### weight

Roman weight measures were: weight plural informal name equivelant to modern * talentum - talent (from a Greek weight talanton) 60 librae or 720 unciae or 17,280 scripulae ca. 45 lb. avoirdupois or 20 kg (the Greek weight was said to be ca. 25.4 kg) libra librae pound. The pound was more frequently referred to as pondo, abbreviated to p. The pound â€¦...

### weight

1. in mud terminology, refers to the density of a drilling fluid. 2. of a measurement, expresses degree of confidence in result of measurement of a certain quantity compared with result of another measurement of the same quantity.

### Weight

The weight of a object is the result of gravity pulling a mass toward earth. When a balance has been calibrated using a known mass then any unknown mass placed upon the scale will have a weight proportional to the known mass. The units gram and kilogram are often used to describe the weight of on object. It is common for mass and weight to be used interchangeably. A weight can also be any mass that is used, for example to put a weight on the scale. ...

### weight

The gravitational force exerted on a body.
Found on http://www.solarviews.com/eng/terms.htm

### Weight

In a neural network, the strength of a synapse (or connection) between two neurons. Weights may be positive (excitatory) or negative (inhibitory). The thresholds of a neuron are also considered weights, since they undergo adaptation by a learning algorithm.
Found on http://www.encyclo.co.uk/local/20090

### weight

The measurement of a stroke’s width; or, in general, the heaviness of a character or font. Common names for weights include demibold, light, and bold. Some typeface families have several weights, ranging between ultra-bold and extra-light.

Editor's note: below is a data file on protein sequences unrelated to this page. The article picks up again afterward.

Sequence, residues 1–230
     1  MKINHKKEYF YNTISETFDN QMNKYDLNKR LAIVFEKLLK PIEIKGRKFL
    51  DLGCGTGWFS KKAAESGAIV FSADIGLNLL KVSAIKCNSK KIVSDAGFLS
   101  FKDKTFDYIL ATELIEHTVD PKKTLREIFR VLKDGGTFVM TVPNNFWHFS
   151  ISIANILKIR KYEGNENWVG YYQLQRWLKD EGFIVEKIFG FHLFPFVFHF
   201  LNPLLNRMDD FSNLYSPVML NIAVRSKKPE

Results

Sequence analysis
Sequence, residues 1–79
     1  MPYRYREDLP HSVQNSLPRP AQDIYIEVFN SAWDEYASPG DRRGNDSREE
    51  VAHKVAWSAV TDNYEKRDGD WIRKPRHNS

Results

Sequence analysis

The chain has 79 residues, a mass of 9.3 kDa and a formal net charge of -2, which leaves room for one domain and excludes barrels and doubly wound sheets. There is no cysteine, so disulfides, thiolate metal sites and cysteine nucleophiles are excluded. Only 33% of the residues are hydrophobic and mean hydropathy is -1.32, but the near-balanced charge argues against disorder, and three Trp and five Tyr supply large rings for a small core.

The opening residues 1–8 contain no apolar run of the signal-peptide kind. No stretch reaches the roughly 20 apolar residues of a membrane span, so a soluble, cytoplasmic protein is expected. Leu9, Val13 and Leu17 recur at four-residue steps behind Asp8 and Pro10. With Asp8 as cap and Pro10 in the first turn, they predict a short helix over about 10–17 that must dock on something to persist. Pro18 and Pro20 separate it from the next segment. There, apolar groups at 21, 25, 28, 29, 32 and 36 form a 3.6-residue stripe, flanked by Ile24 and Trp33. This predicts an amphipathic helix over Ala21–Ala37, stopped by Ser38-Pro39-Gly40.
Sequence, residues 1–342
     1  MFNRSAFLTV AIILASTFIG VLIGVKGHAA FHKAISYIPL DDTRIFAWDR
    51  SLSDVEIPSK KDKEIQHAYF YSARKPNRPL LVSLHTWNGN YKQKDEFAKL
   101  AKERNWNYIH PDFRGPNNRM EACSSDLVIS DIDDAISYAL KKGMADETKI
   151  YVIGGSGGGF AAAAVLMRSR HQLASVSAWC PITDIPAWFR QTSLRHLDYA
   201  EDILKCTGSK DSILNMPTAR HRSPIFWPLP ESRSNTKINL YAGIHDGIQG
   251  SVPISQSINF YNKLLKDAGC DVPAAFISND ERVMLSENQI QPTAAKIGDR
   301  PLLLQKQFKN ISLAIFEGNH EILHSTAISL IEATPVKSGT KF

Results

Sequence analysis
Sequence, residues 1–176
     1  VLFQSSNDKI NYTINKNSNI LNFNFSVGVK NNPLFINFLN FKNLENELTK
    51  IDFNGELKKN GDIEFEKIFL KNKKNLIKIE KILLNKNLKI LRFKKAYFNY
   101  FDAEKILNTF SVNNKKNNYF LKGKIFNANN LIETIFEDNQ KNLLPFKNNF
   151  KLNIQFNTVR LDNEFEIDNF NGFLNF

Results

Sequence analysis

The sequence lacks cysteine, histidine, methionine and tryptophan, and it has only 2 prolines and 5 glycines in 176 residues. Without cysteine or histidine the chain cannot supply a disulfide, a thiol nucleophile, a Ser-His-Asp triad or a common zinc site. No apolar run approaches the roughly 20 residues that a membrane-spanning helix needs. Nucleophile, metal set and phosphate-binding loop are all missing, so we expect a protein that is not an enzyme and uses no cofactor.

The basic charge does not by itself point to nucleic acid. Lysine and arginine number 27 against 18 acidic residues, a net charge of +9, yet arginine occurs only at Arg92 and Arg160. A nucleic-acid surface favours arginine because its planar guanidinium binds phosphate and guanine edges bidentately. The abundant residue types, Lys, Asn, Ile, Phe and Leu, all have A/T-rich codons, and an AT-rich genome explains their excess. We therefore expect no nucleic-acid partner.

Found on http://www.encyclo.co.uk/local/20184

### weight

[n] - (statistics) a coefficient assigned to elements of a frequency distribution in order to represent their relative importance 2. [n] - an oppressive feeling of heavy force 3. [n] - the relative importance granted to something 4. [n] - the vertical force exerted by a mass as a result of gravity 5. [n] - equipment used in c...
Found on http://www.webdictionary.co.uk/definition.php?query=weight

### Weight

The 'heaviness' of an object, the amount of attraction between two or more masses. Weight is often measured in Kilogrammes but the proper (SI) unit of weight is the Newton. Weight is not the same as mass which is a measure of how much matter or inertia an object has. Weight on the other hand is dependant on two or more masses and is a measure of th...
Found on http://www.encyclo.co.uk/local/20448

### Weight

Weight is a force. The SI unit of force is the newton - not the kilogram!
Found on http://www.users.zetnet.co.uk/computing/MainPage/SecDepts/Physics/Resources

### Weight

this refers to the density of the characters within a typeface - e.g. bold, light, extra, demibold, extrabold, etc.
Found on http://www.archivemag.co.uk/

### Weight

The support force needed to maintain an object at rest relative to a reference system. For inertial systems, the weight is sometimes taken to be the force of attraction of the Earth for an object. See also: Mass.